CAPE CANAVERAL, Fla. — An Israeli spacecraft that will attempt to make the country’s first lunar landing blasted off Thursday night aboard a SpaceX rocket.

A communications satellite for Indonesia was the main cargo aboard the Falcon 9 rocket, which illuminated the sky as it took flight. But Israel’s privately funded lunar lander – a first not just for Israel but commercial space – generated the buzz.

Israel seeks to become only the fourth country to successfully land on the moon, after Russia, the U.S. and China. The spacecraft – called Beresheet, Hebrew for Genesis or “In The Beginning” – will take nearly two months to reach the moon.

The moon, nearly full and glowing brightly, beckoned as it rose in the eastern sky after liftoff.

“We thought it’s about time for a change, and we want to get little Israel all the way to the moon,” said Yonatan Winetraub, co-founder of Israel’s SpaceIL , a nonprofit organization behind the effort.

The four-legged Beresheet, barely the size of a washing machine, will circle Earth in ever bigger loops until it’s captured by lunar gravity and goes into orbit around the moon. Touchdown would be April 11 at the Sea of Serenity.

NASA’s Apollo missions in the 1960s and 1970s took about three days to get astronauts to the moon, but they used monstrous Saturn V rockets. The $100 million Beresheet mission couldn’t afford its own rocket – even a little one – so the organizers opted for a ride share. That makes for a much longer trip; the moon right now is nearly 230,000 miles away.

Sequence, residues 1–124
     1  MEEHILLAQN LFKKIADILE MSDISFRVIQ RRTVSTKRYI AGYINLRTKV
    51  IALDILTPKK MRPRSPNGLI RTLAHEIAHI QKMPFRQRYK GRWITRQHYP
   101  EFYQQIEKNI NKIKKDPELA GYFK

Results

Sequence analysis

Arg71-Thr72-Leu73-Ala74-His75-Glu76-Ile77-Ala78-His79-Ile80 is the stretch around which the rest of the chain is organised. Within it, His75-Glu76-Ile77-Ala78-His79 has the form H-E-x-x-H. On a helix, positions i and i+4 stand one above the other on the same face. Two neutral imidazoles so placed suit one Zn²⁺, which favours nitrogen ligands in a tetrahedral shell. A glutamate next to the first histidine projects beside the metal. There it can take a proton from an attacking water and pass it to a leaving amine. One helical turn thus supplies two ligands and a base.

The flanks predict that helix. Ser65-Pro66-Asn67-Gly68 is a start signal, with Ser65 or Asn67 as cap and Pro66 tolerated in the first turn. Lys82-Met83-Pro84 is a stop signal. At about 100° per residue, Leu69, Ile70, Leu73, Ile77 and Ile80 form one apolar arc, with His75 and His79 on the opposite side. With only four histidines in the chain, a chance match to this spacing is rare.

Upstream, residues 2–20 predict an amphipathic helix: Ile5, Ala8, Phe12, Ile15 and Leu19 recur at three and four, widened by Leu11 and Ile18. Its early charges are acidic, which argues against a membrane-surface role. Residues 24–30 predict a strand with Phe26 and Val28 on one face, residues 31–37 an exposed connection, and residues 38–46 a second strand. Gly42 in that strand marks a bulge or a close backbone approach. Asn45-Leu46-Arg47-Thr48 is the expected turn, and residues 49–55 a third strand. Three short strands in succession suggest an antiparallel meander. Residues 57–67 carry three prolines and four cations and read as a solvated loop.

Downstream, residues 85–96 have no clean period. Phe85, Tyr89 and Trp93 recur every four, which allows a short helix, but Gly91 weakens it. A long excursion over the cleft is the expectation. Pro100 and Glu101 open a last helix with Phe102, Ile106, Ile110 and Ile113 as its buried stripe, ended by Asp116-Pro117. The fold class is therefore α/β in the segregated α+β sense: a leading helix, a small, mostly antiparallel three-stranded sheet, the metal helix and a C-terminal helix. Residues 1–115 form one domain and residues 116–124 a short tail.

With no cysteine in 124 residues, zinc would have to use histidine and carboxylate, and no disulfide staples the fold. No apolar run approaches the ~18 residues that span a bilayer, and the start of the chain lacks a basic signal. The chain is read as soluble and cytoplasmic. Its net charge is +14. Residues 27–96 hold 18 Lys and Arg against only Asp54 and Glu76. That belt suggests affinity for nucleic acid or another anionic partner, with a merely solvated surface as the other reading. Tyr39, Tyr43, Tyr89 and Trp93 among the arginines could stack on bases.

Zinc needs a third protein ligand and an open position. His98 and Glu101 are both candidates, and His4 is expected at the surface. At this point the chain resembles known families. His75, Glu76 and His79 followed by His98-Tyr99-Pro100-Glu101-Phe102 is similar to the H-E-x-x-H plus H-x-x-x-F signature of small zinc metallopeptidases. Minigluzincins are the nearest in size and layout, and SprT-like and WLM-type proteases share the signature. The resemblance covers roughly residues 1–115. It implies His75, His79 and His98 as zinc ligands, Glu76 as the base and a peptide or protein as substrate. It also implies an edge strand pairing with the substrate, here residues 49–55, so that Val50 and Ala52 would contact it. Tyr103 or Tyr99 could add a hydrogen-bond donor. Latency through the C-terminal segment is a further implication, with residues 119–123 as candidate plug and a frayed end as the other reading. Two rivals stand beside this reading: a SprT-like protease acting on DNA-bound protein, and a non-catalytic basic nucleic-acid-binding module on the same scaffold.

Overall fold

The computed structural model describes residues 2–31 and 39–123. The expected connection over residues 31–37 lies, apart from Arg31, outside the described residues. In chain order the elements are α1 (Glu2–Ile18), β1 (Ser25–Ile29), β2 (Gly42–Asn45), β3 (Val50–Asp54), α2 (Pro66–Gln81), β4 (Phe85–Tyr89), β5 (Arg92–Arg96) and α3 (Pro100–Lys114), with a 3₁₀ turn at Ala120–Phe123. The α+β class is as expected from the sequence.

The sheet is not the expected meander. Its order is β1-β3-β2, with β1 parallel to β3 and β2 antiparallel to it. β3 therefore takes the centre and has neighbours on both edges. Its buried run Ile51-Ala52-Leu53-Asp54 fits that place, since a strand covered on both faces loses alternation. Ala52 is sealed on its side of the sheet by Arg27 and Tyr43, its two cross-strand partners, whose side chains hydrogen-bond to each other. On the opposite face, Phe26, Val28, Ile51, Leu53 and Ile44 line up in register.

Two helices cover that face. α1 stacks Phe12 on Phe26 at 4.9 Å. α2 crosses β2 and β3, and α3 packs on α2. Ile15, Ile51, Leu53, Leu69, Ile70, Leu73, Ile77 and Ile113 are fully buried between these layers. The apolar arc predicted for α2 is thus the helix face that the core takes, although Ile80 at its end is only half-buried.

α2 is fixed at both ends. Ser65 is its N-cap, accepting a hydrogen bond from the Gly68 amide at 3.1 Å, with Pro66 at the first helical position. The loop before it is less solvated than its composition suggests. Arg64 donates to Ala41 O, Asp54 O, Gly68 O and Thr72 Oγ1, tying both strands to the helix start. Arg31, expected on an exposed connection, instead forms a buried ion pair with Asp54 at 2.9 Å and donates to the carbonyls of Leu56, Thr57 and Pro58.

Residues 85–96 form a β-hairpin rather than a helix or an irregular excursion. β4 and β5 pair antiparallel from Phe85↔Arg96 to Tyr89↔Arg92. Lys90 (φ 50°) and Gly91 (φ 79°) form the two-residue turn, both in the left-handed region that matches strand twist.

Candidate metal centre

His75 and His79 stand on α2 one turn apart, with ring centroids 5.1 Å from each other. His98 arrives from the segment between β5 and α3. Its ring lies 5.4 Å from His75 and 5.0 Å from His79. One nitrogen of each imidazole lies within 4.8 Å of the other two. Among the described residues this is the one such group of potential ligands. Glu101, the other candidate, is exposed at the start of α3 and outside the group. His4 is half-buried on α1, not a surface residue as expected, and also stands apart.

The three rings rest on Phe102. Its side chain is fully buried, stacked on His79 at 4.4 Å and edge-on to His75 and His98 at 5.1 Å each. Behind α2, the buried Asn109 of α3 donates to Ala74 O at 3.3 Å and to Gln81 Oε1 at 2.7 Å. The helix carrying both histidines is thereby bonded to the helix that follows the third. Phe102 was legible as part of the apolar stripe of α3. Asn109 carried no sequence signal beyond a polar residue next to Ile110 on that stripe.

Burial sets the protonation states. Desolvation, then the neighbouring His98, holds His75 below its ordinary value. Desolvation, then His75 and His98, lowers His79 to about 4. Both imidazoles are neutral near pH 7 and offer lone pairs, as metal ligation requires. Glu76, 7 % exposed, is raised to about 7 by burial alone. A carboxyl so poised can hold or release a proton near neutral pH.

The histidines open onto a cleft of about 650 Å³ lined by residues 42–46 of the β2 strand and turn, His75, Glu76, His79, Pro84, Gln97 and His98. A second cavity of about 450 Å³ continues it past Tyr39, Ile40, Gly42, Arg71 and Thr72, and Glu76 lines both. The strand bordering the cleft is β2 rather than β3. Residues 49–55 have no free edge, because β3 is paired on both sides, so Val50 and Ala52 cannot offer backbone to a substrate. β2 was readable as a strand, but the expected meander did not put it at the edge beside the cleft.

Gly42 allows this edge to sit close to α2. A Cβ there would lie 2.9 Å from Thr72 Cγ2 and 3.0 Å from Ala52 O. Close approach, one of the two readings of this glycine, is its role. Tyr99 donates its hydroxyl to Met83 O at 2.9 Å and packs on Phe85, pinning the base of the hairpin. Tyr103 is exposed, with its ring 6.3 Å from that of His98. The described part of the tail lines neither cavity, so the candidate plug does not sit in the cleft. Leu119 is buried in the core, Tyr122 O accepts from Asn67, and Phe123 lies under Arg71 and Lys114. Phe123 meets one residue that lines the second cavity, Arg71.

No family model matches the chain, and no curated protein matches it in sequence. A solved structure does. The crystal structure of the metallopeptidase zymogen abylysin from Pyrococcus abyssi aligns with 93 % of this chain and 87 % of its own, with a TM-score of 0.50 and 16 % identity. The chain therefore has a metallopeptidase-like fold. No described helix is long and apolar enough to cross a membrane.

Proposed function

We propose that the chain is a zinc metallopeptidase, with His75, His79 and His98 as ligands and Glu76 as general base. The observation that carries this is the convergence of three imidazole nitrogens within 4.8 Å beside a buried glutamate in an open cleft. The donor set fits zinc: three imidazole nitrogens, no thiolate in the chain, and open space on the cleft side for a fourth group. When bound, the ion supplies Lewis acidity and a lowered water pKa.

“This is Uber-style space exploration, so we’re riding shotgun on the rocket,” Winetraub explained at a news conference on the eve of launch.

The U.S. Air Force also has a small research spacecraft aboard the rocket, for a one-year mission in orbit around Earth.

The Soviet Union was first to put a spacecraft on the moon, Luna 2, in 1959. NASA followed with the Ranger 4 spacecraft in 1962. Last month, China became the first country to land on the far side of the moon.

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